- Julius Caesar - ego transcendence follows ego destruction, to destroy it is to destroy our whole culture, the future is in chains, liberate your mind!
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Comment #17 posted by Jose Melendez on August 24, 2003 at 09:34:29 PT

sometimes I use a pc
Don't get me wrong, I use a couple of Windows boxes for specific tasks. One thing I am fond of is copying the text from news articles into Wordpad and boosting the text HUGE so I can read from further away with a wireless keybord. It also helps keep my troubleshooting skills sharp, but large portions of my time are taken up doing work that is unbillable, so I regard Windows as broken by default.BTW, Safari (Apple's browser) supports text resizing on the fly, and blocks popups.To get back to the article above, in my opinion, what Alain Berthiaume is doing is similar: he's saying, why should I comply with the accepted system, if it bogs everyone down and increases harm, not least of all to me? 
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Comment #16 posted by Jose Melendez on August 24, 2003 at 09:23:11 PT

"get a horse!"
Ironic, is it not, that you need to mow now that you got rid of the horses.You can get a $15 (or less) adapter to run the VGA.And you could have other horse owners pay a fee to pasture them on your land...I also must express a bit of surprise that there is not more new info in the mainstream media.
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Comment #15 posted by FoM on August 24, 2003 at 07:32:22 PT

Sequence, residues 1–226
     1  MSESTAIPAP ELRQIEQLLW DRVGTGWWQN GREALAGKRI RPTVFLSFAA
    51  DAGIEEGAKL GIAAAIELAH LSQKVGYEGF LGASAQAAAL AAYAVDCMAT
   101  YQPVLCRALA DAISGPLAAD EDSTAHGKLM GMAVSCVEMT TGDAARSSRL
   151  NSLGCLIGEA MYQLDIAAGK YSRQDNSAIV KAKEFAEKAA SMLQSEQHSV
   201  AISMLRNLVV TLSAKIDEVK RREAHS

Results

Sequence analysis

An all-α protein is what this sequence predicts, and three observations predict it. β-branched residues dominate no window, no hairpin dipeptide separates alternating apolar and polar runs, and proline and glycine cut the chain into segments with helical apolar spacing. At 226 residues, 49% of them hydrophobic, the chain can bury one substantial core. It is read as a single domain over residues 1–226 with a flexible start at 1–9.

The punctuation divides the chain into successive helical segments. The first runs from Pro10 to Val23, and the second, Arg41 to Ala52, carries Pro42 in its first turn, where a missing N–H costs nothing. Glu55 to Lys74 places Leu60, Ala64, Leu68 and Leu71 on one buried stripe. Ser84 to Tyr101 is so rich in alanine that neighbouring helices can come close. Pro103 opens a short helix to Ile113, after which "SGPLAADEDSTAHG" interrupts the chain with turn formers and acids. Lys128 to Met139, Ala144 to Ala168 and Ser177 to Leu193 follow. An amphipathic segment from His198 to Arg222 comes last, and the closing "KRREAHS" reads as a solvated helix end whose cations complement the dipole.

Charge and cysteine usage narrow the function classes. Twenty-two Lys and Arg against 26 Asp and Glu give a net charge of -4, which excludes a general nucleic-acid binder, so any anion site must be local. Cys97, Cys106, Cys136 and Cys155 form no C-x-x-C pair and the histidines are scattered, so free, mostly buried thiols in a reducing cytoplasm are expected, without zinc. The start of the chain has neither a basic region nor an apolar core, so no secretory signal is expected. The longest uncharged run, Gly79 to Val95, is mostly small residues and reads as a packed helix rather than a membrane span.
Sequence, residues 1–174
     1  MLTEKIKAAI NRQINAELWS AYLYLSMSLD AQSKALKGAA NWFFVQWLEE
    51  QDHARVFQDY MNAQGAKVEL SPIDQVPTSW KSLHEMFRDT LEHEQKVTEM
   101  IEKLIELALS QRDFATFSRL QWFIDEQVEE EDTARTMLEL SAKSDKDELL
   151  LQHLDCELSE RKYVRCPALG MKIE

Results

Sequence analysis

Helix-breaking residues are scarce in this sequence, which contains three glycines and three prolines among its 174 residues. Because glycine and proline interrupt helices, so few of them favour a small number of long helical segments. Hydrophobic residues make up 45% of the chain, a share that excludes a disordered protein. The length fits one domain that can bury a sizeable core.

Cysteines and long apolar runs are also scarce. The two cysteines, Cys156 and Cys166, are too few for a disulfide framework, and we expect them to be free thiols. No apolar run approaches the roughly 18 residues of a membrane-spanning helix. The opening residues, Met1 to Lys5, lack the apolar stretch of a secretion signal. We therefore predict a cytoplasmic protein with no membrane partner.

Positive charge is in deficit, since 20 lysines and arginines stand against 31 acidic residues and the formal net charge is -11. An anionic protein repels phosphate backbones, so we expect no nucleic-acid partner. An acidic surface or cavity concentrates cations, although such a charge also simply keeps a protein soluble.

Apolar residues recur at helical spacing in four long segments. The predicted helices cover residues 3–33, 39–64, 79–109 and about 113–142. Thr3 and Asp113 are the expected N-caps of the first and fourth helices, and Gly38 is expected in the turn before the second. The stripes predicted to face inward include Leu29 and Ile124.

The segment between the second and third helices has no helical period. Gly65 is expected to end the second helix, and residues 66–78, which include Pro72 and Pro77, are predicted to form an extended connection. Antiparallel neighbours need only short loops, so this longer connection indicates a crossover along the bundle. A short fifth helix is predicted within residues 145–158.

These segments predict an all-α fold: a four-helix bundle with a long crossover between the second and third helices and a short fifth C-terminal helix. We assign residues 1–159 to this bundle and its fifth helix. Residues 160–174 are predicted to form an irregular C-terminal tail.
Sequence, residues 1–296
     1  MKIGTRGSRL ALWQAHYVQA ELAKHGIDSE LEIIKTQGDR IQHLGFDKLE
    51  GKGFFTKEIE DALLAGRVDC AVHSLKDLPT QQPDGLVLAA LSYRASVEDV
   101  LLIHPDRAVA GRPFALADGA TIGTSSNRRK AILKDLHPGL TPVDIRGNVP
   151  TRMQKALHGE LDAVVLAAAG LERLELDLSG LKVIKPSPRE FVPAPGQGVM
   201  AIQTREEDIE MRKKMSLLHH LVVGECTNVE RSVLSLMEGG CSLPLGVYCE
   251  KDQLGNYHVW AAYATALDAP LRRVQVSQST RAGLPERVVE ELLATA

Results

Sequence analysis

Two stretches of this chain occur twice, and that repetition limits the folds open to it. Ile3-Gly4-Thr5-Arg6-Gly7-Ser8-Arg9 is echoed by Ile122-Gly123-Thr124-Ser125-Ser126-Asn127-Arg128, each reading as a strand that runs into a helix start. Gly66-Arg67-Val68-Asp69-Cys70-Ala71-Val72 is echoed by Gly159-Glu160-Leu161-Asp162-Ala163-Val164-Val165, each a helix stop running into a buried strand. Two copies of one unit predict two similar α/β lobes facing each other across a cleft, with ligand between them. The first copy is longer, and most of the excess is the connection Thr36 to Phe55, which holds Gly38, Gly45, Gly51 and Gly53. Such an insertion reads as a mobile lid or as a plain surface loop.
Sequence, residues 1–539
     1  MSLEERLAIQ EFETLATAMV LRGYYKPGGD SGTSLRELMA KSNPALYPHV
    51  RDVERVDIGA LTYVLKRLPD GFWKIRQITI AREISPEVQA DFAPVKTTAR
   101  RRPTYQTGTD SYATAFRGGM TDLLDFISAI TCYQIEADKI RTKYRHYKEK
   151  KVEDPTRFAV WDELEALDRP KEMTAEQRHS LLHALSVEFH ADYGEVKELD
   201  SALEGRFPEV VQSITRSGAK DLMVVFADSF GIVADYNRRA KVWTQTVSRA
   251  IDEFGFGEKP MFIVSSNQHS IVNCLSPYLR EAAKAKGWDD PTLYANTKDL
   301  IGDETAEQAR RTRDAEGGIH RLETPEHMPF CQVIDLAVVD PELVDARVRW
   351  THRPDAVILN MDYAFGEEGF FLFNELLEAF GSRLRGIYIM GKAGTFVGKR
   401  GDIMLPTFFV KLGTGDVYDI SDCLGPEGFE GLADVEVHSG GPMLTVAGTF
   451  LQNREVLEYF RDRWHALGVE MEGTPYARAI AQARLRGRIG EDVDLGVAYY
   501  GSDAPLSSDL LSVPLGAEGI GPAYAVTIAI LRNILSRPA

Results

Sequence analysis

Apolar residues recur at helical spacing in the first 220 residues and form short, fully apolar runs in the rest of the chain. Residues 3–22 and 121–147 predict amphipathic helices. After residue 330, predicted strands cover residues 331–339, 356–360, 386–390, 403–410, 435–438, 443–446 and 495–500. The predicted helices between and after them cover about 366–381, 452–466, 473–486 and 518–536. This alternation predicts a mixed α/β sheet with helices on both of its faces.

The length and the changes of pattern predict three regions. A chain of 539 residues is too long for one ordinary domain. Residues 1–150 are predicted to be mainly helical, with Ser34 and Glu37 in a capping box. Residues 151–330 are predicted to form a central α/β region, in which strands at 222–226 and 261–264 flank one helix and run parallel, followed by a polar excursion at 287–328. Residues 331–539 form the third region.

Nicholas & Jose
I knew he was hired by Rolling Stone. To me a good article these days is one that tells us something new and gives us news we can use. I didn't see that with this article. Have a great time swimming today. I soon will be off mowing. At least the weather is cool and breezy. I got a couple acres mowed yesterday and will finish up today. We get kidded about how much grass we mow. People say it looks like a golf course. I don't even like golf! When we had horses it didn't require this much mowing but now I put my head phones on and enjoy! Jose I looked at the link but the monitors don't seem very big. I have a 19 inch monitor and it seems small to my poor eyes sometimes. I haven't had any problems with the worms. As long as this computer works well I'll be happy. Buying a computer is something I sure don't want to do because of cost but when the time comes I'll give a Mac a shot.
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Comment #14 posted by Jose Melendez on August 24, 2003 at 06:09:09 PT

Virgil, FoM, all . . .
Get a Mac. You can get a used iMac 400MhZ, capture video, burn about an hour to CDR for under $400. CD's cost pennies, are watchable (VHS quality) in DVD players. Macs have less security flaws, less crashes, more reliable software. The total cost of ownership has more to to with operating costs than initial outlay. Put it this way, four of my Macs are used as PUBLIC INTERNET KIOSKS, that way when I'm not using them, they are not idle.Meanwhile, they stayed alive during the recent worm fiasco, while I was kept busy fixing PC's for friends that are reluctant to switch. It's like they drink beer and puke every day, while I feel great stoned . . .Not that there's anything wrong with spending endless hours pulling your hair out because of .dll, IRQ, .pif related problems and more. Or puking after consuming too many Heinekens, after all, it is LEGAL.
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Comment #13 posted by Nicholas Thimmesch on August 24, 2003 at 06:04:17 PT:

Top of the morning to you Martha...., not an impressive article (Rolling Stone tends to be pretty mundane with their drug policy stories), and an even less impressive author: my concern would be that this is his first major article since his being "outed" as a phony writer & that he -- not the issue -- will be the focus of media critics, therefore deluting the issue the story portends to cover. Check him out: a wonderful, restfull Sunday: we're off to swim at the pool!